Friday, August 29, 2008


Refugees face rent anguish

Paul Bibby, smh

August 29, 2008

UNSCRUPULOUS Sydney landlords are taking advantage of refugees with little or no experience of the city's tight rental market by getting them to sign exploitative rental contracts or evicting them in favour of richer tenants, community service workers say.

Some refugee families are ending up in refuges for the homeless.

Western Sydney migrant workers and tenancy advocates interviewed by the Herald said there was not enough affordable housing in the city's rental market for the 2500 refugee and humanitarian entrants - predominantly from the Middle East and Africa - who settle here each year.

They said the refugees - often placed in the market by Australia's privately run settlement services with little understanding of their rights and responsibilities - had become so desperate they were willing to pay almost anything.

Brij Datt, of the Campbelltown-Wollondilly tenant advocacy service, said the number of refugees and migrants accessing his service had increased by 30 per cent since 2005. Unreasonable rent increases were the most common complaint.

"Landlords are demanding one, two, sometimes even six months' rent, as bond, plus four weeks' rent in advance," Mr Datt said.

"Invariably when they leave they're not going to get their entire bond back and any little scratch mark or stain is picked up and they're just told, 'You did this, you pay for it'."

He said refugee families often arrived in rental accommodation to discover that they had not been cleaned after the previous tenant.

"They show up and the place is filthy but they're too afraid of reprisals to complain - in some cases with good reason."

In the Fairfield local government area, where 8106 refugees have settled between 2002 and 2007, the vacancy rate hovers between 1 per cent and 7 per cent.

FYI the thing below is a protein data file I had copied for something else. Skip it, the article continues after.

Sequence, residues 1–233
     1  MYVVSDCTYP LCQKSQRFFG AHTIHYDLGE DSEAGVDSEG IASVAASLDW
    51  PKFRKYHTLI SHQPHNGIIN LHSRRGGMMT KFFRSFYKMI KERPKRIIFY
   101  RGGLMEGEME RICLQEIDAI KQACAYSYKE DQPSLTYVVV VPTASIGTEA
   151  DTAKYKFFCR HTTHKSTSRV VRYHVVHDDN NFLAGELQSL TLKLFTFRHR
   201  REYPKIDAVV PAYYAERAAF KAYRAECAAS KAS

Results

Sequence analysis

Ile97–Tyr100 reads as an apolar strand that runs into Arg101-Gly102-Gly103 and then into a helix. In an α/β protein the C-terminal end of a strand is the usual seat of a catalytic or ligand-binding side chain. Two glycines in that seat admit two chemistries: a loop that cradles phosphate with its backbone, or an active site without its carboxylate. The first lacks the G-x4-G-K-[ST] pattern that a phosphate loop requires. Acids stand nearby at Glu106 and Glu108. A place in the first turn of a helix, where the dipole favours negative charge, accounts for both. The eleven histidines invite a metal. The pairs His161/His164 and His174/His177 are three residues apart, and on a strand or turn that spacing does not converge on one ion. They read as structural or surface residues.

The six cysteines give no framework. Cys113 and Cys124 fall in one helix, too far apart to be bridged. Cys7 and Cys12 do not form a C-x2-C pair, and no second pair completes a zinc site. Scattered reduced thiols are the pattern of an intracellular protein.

"Low-income families reliant on Centrelink payments are provided with eviction notices because landlords want to reclaim properties … in order to raise rents which they think a Centrelink tenant will not be able to pay," the manager of the Fairfield Migrant Resource Centre, Ricci Bartels, wrote in a recent paper, Between A Brick And A Hard Place.

"Rentstart is only available every 12 months which leaves tenants who are evicted [unable to] get adequate, if any, assistance if they are forced to move within 12 months. Services … are faced with clients who present with high levels of anxiety, depression, homelessness and talking of suicide as their only solution."

In Blacktown, home to a number of African refugees, it is not uncommon for refugee families to spend extended periods in refuges for the homeless.

"After they exhaust all options, they get referred to Department of Housing emergency accommodation," the Blacktown Migrant Resource Centre settlement worker, Edward Massimino, said. "But even then there are long waiting lists - it's up to six months - and homeless shelters and crisis accommodation."

Others must squeeze into modest flats with their extended families.

Single mother Reta Dawood, her two children, her two sisters and her mother live together in a two-bedroom flat in Fairfield.

Her two sisters and mother have been unable to find anywhere to live since they arrived about six weeks ago.

The landlord has indicated he may put their flat on the market, leaving the family of Iraqi refugees facing eviction.

"I'm looking for somewhere for my sisters to live, but there is nothing there," Ms Dawood said.

Each fortnight she pays $460 of her $550 Centrelink benefit on rent, relying on the benefits her son receives as a TAFE student.

"Sometimes I'm just waiting for my benefit," she said. "All I can do is hope and pray."


Iemma flicks bypass switch to save sale

Nick Ralston, smh

August 29, 2008

MORRIS IEMMA has reinvented his power privatisation plan just enough to resurrect it, sidelining the Opposition - and Parliament - in the process.

It started out looking like a disastrous day for the Premier and the Treasurer, Michael Costa, yesterday.

But matters took a sharp U-turn just hours after the Coalition confirmed it would vote down the enabling legislation.

It cost an estimated $500,000 to recall Parliament to vote on the power proposal, but after less than an hour of discussion in the upper house, the debate was postponed - never to be resumed.

The Premier accused Opposition Leader Barry O'Farrell of killing the sell-off for five minutes of political gain.